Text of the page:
This application is directed specifically to apparatus and methods for reducing cross talk between adjacent interconnecting runs of such a circuit assembly. In the past, with circuit clock rates and switching rates at more modest levels (below 50 MHz.) the problem of cross talk in interconnecting conductive runs was minimal. Even with higher speeds, the problems remain of little concern in intrachip interconnections since conductive runs on a single integrated circuit chip, typically only about a quarter inch on a side, remain well below the length at which cross talk becomes a concern. Cross talk, as used herein, refers to the coupling of energy from one conductive run to a closely adjacent parallel conductive run as a result of magnetic and electric field effects, i.e., inductive and capacitive coupling existing between adjacent conductive tracings. An analysis of the nature of cross talk is given in an article entitled "Predicting Crosstalk in Digital Systems" by John DeFalco in Computer Design, June 1973, pp. 69-75. A similar background discussion of the cross talk problem with a generalized mathematical analysis is provided in an article entitled "Crosstalk (Noise) in Digital Systems" by I. Cott in IEEE Transactions on Electronic Circuits, Vol. EC-16, No. 6, Dec. 1967. Cross talk results in the generation of spurious signals in a passive conductor which is closely adjacent an active conductor carrying a high frequency signal; the result is to contaminate the integrity of the signals present in the lines, thereby creating errors in transmitted signals and eventually affecting the overall operation of the circuit assembly. The higher the frequency of the pulses in the adjacent lines, the longer the line length, and the closer the lines are spaced, the greater the liklihood of cross talk contamination and its attendant problems. Coupled with high switching rates and close spacing, very rapid rise time signals, such as encountered in integrated circuit chips using emerging fabrication technologies, pose problems of energy coupling between adjacent conductive runs.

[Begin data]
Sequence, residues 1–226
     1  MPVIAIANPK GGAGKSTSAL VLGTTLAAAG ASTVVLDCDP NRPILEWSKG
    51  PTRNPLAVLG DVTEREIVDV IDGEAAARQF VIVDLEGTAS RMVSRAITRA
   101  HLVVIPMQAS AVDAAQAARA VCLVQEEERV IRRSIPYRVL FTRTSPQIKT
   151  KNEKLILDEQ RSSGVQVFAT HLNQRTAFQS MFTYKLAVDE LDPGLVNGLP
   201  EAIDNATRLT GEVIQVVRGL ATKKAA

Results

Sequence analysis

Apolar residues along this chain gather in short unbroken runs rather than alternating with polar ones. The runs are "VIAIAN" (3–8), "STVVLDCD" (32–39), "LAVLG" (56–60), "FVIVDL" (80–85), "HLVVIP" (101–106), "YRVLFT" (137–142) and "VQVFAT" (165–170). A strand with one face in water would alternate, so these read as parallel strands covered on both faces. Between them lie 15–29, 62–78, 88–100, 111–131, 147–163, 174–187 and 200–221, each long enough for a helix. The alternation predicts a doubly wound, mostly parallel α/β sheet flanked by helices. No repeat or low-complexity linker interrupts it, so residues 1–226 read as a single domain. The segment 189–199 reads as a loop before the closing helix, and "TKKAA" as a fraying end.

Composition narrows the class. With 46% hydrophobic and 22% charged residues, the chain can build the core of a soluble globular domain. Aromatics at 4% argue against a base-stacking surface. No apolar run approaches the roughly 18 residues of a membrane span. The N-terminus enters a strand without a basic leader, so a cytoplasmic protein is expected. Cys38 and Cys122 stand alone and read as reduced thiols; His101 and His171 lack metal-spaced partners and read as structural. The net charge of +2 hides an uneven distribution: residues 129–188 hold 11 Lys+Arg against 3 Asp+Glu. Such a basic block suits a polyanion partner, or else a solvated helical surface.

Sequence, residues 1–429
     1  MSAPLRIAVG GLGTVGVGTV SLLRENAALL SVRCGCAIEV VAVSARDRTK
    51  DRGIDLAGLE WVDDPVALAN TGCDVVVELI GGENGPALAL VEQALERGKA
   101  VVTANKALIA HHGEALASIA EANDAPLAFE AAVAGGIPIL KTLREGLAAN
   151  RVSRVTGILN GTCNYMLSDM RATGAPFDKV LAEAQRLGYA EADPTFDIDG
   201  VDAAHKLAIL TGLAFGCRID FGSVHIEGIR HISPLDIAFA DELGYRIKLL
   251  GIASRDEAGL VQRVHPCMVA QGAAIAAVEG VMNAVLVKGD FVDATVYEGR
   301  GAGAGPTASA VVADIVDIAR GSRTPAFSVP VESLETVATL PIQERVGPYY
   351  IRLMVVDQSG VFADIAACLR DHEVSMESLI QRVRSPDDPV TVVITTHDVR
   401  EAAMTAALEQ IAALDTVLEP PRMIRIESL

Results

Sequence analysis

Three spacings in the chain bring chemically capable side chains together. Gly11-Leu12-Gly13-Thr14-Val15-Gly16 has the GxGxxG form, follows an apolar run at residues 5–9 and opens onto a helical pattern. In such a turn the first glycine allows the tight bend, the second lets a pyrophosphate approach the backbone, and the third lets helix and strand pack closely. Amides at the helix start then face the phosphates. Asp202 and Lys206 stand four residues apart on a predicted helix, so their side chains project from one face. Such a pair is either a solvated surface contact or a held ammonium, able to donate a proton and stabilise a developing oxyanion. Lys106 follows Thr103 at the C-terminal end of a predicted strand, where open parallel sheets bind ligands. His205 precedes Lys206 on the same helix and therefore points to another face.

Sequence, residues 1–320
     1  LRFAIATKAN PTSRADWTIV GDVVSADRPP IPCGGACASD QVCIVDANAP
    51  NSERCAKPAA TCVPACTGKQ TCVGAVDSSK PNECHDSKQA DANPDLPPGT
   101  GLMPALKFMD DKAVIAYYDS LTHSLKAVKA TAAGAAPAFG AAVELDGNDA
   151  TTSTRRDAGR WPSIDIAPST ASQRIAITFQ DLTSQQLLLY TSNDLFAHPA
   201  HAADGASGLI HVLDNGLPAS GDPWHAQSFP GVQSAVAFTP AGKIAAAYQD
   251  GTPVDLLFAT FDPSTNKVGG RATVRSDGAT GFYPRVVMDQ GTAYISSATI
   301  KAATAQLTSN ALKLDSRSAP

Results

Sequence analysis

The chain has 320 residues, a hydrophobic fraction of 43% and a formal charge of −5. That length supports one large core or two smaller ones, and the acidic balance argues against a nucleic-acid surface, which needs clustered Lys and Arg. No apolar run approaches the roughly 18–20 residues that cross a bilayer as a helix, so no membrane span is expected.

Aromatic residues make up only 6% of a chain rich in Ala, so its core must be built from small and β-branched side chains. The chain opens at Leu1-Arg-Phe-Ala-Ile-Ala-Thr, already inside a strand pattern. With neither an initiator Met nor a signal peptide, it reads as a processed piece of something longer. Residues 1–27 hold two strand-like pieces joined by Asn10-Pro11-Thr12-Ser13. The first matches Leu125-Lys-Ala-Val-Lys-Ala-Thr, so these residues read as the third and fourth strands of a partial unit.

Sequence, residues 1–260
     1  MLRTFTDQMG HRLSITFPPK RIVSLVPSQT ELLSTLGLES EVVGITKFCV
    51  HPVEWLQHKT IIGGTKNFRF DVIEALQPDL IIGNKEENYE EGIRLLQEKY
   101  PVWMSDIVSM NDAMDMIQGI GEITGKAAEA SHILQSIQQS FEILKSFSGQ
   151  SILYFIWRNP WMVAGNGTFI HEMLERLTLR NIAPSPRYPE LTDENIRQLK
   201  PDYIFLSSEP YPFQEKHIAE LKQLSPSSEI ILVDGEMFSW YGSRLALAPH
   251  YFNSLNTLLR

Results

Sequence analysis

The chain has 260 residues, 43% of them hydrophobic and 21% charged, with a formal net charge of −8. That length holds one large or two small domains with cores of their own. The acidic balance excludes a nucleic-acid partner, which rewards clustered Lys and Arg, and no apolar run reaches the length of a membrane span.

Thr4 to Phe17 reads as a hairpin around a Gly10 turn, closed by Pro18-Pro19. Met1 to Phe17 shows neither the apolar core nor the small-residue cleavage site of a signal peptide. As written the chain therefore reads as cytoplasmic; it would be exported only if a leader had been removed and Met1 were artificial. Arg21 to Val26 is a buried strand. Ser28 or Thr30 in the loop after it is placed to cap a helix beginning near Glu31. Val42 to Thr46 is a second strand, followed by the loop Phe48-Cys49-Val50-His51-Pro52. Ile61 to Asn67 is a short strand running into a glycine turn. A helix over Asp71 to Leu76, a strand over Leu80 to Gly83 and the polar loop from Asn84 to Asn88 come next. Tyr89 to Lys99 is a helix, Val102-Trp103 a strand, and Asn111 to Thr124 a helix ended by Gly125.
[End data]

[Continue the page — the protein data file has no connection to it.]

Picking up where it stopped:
The main prior art approach to curing potential cross talk problems has been to keep distances which conductors extend parallel to each other below the length where cross talk is of concern or, if relatively long parallel runs are needed, to move the lines sufficiently apart to reduce the capacitive and inductive coupling between the lines to a tolerable level. In either approach, the problem of cross talk may be avoided.